The legislative landscape for Japan and beyond
The legislative needs discussed in the New Energy Strategy span on many levels from technical issues to the wider business environment, from Japan to the wider international community. For example, the strategy discusses the need to define hydrogen and ammonia as non-fossil fuel power generation sources, both under Japanese law and from the perspective of standards that apply to cross-border projects. More widely, the strategy discusses the need to attribute value to the reduction of GHG through carbon credit or an emission trading scheme. Japan’s carbon credit scheme called J-credit allows verification of GHG emission reduction and credits can be traded, but the scheme has been of limited use to date. Given the cross-border nature of many efforts discussed above, a common and consistent assessment is required from Japanese investors’ perspective across different countries. Japan’s multilateral approach was shown by the Joint Crediting Mechanism (JCM) it led with 17 countries which quantifies GHG emission reduction overseas with a view to compliance with targets in Japan and being eligible for Japanese government-backed financing.
A reflection after COP26
The New Energy Strategy reinforced Japan’s focus on renewable power and advanced decarbonisation technology in Japan, but still recognises gas, LNG and coal as major sources of base-load power in Japan.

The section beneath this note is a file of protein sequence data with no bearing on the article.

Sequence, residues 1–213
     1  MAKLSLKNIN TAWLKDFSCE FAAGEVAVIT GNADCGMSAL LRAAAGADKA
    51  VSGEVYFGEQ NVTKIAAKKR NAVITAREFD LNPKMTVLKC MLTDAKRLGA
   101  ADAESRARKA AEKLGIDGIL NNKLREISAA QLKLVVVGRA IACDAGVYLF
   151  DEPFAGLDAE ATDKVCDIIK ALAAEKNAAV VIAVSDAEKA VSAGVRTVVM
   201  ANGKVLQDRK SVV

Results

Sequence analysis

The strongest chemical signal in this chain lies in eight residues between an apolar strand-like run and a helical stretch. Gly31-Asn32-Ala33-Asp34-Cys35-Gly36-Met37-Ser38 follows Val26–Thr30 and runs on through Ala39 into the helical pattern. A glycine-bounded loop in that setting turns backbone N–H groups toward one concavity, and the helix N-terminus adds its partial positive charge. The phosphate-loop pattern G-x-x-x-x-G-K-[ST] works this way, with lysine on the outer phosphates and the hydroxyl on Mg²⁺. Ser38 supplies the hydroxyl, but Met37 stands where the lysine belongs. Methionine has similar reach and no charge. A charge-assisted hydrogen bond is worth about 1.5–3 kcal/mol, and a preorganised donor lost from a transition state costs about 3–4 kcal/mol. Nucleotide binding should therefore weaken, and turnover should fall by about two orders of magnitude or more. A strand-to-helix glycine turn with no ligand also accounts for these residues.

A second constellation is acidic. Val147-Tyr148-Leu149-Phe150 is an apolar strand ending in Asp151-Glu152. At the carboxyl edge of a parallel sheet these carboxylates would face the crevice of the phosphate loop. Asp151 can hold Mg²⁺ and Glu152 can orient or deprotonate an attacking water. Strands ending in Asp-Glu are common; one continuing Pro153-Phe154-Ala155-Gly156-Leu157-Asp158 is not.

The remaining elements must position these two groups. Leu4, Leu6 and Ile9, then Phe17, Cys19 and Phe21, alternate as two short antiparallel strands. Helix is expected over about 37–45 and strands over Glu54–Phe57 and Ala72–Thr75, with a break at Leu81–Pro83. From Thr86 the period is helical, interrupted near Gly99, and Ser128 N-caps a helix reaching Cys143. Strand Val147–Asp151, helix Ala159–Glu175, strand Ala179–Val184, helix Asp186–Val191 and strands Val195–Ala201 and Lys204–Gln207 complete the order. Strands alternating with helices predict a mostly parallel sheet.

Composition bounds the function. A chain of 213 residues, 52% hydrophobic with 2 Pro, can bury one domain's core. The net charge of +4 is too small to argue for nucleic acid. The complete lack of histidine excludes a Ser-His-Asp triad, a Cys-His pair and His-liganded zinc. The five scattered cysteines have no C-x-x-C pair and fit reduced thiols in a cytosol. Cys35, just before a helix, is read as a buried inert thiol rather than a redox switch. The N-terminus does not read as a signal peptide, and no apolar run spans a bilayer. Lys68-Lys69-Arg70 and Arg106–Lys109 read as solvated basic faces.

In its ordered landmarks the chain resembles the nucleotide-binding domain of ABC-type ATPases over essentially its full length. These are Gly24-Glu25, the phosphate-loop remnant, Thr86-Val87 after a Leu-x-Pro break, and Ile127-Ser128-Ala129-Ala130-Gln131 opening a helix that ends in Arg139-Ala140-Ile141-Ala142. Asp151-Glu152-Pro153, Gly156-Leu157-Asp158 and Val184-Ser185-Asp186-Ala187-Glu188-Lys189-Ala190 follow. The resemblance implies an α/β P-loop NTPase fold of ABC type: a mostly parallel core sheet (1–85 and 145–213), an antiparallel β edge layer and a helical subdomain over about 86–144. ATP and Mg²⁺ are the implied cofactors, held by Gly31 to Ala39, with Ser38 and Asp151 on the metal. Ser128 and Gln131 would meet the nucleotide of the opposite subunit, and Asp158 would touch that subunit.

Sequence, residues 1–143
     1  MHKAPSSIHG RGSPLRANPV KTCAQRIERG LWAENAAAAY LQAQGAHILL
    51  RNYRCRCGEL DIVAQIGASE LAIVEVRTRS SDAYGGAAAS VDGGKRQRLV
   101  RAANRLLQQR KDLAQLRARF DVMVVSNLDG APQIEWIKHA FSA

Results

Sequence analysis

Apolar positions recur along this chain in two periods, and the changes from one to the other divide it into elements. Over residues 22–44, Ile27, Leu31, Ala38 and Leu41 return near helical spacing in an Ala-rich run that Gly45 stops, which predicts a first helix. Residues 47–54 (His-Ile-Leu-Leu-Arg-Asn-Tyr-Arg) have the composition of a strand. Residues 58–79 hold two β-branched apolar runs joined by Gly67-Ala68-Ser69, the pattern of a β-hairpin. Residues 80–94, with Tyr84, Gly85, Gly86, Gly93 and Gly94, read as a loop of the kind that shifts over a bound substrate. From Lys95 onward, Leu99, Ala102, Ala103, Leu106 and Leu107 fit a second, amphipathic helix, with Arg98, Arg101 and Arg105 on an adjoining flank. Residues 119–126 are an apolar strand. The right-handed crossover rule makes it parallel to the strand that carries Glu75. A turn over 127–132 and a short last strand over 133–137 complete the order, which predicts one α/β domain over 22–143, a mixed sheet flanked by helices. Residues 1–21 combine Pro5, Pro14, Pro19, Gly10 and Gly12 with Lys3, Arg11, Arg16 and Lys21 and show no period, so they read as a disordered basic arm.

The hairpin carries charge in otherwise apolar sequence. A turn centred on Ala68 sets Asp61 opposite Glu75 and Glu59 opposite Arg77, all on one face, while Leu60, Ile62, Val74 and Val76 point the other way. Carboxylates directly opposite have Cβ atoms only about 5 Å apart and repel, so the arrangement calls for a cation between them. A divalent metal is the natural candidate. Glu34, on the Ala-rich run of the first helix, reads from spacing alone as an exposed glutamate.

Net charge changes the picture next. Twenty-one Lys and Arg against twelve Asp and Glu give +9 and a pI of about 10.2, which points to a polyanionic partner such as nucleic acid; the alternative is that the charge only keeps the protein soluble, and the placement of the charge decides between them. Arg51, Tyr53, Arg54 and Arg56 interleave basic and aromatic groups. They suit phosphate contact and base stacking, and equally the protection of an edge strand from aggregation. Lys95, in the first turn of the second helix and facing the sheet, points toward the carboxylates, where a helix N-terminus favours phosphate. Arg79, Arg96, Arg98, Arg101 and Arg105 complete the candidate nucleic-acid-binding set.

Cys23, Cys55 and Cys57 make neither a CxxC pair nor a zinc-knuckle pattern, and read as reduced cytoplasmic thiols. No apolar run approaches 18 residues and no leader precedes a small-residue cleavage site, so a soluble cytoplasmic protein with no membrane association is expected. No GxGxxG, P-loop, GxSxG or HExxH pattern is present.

The New Energy Strategy commits to supporting the energy transition efforts in overseas countries, especially Asia. There are major opportunities in this area, as 40% of power generation in Asia is sourced by coal-fired power plants.
The challenges in setting Japan’s energy mix also come from the fact that Japan has very low energy self-sufficiency and is heavily dependent on its import of natural resources. Surrounded by water with no cross-border electricity grid and naturally resource poor, but the third biggest holder of geothermal potential in the world, having a fraction of shallow water compared to the UK due to a lack of accumulated shelf as a chain of volcanic islands and only half of the flat land of Germany excluding forestry, Japan has its unique challenges in its path to achieving decarbonisation.
In late 2020, Japan established a USD 18 billion Green Innovation Fund. The funding support offered was unprecedented in terms of the size of the support (approximately 270bn yen (USD2.4bn equivalent) for hydrogen supply chain projects and 70bn yen (USD640m equivalent) for green hydrogen generation projects) and the duration of the support (five to ten years) (which we discuss in our article). The funding is being implemented through multiple rounds of applications this year.
As a result of COP26, it would be interesting to see whether Japan will refine or revise any of the targets set out in the New Energy Strategy. We will see Japan’s efforts in implementing the New Energy Strategy. We will also watch this space for legislative and financing measures to support energy, resources and infrastructure investors seeking energy transition opportunities.